“The first time I saw a leopard, I still remember the feeling,” Zainab recalls fondly, “I was breath-taken. The patterns on their bodies, their big eyes, they are truly unique. Leopards represent beauty, strength, charisma and independence.”
While no leopards are prowling the AlUla landscape quite yet, the species is endemic to the Arabian Peninsula and plays an important part in its ecosystem. Like many of their kind, however, they are endangered largely because of loss of habitat and decline in prey due to human activity. Fewer than 200 Arabian Leopards today remain in the wild.
“We are working really hard to save this endangered species,” Zainab stresses, beginning with the introduction of a stable population of prey for the leopard. This is a “crucial step to the reintroduction of the Arabian Leopard”, she explains. In the meantime, they are engaged in a captive breeding programme to boost numbers – also a critical goal before being able to re-establish a population of wild leopards. And it’s going well – their oldest and most successful breeding pair has produced nine cubs to date. “They are saving the species for sure,” she smiles, and “this means that we are on the right path in trying to save the species from going extinct.”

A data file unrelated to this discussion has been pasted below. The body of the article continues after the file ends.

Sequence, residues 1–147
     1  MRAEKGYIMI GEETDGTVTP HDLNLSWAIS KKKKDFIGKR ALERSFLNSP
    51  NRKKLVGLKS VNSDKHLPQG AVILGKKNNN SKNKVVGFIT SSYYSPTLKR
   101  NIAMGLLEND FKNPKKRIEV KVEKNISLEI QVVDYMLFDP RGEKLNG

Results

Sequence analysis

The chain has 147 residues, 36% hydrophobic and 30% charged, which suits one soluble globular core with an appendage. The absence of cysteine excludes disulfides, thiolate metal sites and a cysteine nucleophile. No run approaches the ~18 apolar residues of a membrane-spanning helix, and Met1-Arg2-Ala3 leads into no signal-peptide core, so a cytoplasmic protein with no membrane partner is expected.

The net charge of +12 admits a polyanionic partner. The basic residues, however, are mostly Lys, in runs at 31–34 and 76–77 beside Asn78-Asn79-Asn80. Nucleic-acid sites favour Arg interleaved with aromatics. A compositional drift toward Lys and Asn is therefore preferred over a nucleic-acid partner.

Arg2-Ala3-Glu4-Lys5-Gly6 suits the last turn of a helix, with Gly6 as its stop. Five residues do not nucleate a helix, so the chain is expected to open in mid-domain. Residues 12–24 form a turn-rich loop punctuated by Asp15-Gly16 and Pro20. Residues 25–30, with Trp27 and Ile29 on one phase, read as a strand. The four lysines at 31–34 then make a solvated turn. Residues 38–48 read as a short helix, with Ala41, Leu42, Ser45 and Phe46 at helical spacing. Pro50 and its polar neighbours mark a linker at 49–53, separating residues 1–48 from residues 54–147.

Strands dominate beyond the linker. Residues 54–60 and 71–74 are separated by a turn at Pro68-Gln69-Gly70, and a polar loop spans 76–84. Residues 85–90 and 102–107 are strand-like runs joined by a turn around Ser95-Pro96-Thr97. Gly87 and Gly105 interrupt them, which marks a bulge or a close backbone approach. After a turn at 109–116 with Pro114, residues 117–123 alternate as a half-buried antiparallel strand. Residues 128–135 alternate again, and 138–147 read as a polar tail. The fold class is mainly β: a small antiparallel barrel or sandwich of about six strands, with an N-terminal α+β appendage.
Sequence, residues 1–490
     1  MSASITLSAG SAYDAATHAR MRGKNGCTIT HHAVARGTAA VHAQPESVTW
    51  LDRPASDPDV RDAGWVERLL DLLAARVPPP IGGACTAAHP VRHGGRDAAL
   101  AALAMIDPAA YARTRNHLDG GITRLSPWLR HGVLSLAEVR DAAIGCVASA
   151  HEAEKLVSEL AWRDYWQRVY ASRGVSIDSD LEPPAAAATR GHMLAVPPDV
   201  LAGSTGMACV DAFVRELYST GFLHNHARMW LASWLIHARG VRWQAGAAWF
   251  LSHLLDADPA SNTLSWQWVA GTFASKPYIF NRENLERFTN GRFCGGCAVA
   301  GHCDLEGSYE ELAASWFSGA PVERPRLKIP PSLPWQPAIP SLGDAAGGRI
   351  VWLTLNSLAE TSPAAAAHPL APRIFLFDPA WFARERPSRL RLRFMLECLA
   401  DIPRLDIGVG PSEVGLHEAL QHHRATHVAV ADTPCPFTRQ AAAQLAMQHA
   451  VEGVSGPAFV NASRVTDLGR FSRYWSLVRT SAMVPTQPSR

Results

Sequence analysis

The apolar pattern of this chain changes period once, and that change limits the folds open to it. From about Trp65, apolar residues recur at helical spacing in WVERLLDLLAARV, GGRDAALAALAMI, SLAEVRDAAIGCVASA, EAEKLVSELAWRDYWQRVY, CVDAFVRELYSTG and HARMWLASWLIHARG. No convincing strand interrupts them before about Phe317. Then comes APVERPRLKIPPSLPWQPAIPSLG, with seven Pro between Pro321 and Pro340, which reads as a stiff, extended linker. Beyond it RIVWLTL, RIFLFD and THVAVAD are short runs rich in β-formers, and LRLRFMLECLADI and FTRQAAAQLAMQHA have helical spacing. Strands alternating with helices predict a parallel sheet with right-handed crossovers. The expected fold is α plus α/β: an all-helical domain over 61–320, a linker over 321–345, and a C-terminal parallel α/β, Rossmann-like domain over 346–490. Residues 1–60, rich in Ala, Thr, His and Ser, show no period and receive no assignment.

The introduction of the Arabian Leopard is part of a broader project to re-establish diverse flora and fauna in AlUla’s wilderness. For example, the ongoing mission focused around the Sharaan Nature Reserve
is to restore, protect and conserve the sensitive ecosystem native to AlUla. This 1,500 square kilometres of stunning canyons, desert and valleys is already a welcoming sanctuary for a wide range of species including endangered Arabian wolves, gazelles and large-eared red foxes that are already again roaming these beautiful lands.
Sharaan Nature Reserve is in fact just one of six nature reserves AlUla is home to, covering a total of 12,500 square kilometres. The Wadi Nakhlah, Harrat AlZabin and Harrat Uwayrid reserves have all been identified as potential future habitats for Arabian Leopards. The extensive rewilding of native species of flora is also underway, to restore balance to the natural environment and provide food for herbivores, the leopard’s main prey.